Nuclear issues are stark and divisive. My certainties are reasoned, ethical and emotive: I find these military actions unjustifiable, expressive of hubris and embedded in a global economy of harm. I had to relate those certainties to the government position which supports the use of Depleted Uranium, and to the scientific reports available, both by independent researchers and the military. The latest find that ‘uncertainty’ characterises what is possible to definitively measure; no one ‘knows’.

From a public road on the Kirkcudbright Training Area: the sea cannot be depleted. Photograph: Wallace Heim
From a public road on the Kirkcudbright Training Area
Photograph: Wallace Heim © 2018 theseacannotbedepleted.net

Against the against

I did not want to set out adversarial arguments between conflicting sides, as if that was a kind of balance or a reliable process towards truth. Nor did I want to hone the subject matter into something more solidly activist. Rather, for the Man and the Woman who reflect on their relation to the sea and the firings, I wanted to keep to the outrage, but as it is compromised and embedded in everyday life.

The action in theatre, by historical conventions, moves with the forces of adversarial human conflict; two sides, with variations. But theatre and performance have, for the past decades, developed other dramaturgical strategies, broadly categorised as the postdramatic, for creating flow, mood, character and vibrancy. The ‘two-sides’ device has seeped away from some performance practices as it doesn’t adequately allow for a genuine expression of a situation or condition. At the same time, in ecological thinking, the entwining of human conflicts with environments, waters, lands, other living beings, or perceptions of nature – are complicating the order offered by adversarial conflict and requiring other ways to comprehend and address what is a condition of life, one that is pervasive, intractable, characterised by uncertainty and a lack of lasting solutions.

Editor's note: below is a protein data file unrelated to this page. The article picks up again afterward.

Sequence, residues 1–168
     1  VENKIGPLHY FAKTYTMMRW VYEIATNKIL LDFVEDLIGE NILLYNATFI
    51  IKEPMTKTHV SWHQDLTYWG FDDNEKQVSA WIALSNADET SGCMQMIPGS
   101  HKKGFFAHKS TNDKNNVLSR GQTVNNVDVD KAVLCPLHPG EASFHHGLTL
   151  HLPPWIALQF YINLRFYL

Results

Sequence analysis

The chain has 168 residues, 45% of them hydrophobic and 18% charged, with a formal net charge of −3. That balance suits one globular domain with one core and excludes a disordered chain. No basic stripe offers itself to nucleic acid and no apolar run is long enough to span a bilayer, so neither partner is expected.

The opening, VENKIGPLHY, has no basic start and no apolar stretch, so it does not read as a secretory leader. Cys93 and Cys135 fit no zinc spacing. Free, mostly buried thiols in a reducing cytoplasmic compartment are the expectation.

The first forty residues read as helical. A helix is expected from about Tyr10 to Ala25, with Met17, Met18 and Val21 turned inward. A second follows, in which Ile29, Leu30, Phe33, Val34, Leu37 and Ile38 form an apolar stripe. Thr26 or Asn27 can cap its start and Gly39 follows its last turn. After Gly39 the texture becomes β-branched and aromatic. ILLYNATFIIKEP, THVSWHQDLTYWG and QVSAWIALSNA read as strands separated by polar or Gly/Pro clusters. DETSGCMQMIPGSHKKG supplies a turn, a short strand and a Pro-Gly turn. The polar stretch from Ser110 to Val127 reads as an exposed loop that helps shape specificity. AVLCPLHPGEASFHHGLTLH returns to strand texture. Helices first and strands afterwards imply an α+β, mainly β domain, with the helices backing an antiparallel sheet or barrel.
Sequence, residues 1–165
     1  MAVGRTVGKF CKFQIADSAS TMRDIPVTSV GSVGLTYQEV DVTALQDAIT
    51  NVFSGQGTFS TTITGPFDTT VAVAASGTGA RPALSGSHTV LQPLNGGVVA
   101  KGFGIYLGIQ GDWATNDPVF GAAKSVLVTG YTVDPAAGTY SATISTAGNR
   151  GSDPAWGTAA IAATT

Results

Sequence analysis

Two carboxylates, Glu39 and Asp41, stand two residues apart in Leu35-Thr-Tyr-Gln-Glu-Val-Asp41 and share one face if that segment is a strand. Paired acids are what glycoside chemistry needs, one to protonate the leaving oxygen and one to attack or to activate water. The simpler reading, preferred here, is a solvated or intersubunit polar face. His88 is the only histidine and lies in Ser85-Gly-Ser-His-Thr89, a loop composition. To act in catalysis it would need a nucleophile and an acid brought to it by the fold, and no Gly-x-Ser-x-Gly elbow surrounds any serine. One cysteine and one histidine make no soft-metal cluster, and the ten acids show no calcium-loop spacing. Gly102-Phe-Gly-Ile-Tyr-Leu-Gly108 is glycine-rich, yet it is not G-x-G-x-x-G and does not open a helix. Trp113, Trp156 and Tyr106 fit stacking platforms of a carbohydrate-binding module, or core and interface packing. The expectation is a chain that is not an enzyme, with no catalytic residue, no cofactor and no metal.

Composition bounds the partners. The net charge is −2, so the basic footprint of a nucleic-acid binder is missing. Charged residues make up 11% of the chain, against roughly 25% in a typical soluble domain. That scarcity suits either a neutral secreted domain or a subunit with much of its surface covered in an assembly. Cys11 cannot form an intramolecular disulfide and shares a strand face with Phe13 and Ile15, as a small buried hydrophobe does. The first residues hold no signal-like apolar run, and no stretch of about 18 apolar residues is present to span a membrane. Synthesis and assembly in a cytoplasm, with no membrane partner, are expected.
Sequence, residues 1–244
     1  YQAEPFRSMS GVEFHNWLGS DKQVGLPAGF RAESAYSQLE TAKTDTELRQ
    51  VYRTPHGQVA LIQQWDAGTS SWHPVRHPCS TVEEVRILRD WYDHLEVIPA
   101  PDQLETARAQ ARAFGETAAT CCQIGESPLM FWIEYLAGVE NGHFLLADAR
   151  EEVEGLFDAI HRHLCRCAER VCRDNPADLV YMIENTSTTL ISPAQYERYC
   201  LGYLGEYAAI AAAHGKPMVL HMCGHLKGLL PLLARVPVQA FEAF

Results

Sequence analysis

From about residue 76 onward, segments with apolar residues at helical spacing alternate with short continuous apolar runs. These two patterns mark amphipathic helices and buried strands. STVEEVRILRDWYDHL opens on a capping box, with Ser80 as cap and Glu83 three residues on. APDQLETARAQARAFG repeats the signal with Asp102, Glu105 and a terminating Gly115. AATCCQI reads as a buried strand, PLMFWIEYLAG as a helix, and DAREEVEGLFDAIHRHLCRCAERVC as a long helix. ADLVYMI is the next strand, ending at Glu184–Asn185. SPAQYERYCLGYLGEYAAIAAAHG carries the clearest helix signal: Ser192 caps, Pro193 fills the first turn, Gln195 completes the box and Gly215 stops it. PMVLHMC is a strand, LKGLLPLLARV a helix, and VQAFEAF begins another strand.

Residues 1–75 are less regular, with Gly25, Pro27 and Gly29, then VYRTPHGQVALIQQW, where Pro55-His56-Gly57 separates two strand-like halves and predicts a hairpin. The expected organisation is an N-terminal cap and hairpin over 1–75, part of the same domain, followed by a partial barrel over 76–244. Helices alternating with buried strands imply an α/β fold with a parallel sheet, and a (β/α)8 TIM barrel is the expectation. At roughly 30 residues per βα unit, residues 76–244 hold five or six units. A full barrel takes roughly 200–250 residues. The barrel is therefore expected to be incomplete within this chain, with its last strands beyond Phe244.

The firings were a rehearsal for war and were hostile fire on a home sea. How can one understand the slow corrosion that endures? What does it mean for a place, a people, to cohere with the unseen objects of war? How do you make a life with, or disavow, the symptoms of the civil-military nuclear complex? How does the knowable coalesce with the not-knowable?

“How do you keep safe? 

The Military devised tests to prove these firings were safe for humans. They measured seaweed and crabs and grit and urine. What they forgot was the sea. They forgot the turbulence, the planetary forces of gravity pulling oceans across a chiselled bed. They forgot the curiosity of the tender animal, too small for any net. They forgot that some humans are pregnant women.

It’s probably all right. It has to be. We have to live as if it was.

The swells of silences, they hold us tight … What adds up, what counts on this coast is what keeps the working public paying taxes. That’s what keeps things quiet … The sea will loosen and unravel all that we can’t talk about,” the Woman says.

Crossing the threshold

The Diver is a different kind of force, ambivalent between the imaginal and the real. She speaks of her sensed perceptions as she repeatedly dives below the sea surface. She sets out with promise and high delight but stays too long. She passes that threshold when coming back would be possible, making a loose association with the nuclear dream and the impossible scramble to return to a world without its waste.

“My body curls and tumbles. It joins the pock-marked hard things that roll along the bed. We’re a pulse of moving things. Another brush of something like dust. My skin starts to bleach with it. I’m burning, down here with no light, no air … I cool my body in a garden of soft-skinned creatures … Everything moves, the living with the dead. Lives within lives. Our cells are the lenses through which we see our futures. We are all transparent to the longer waters of the sea … ”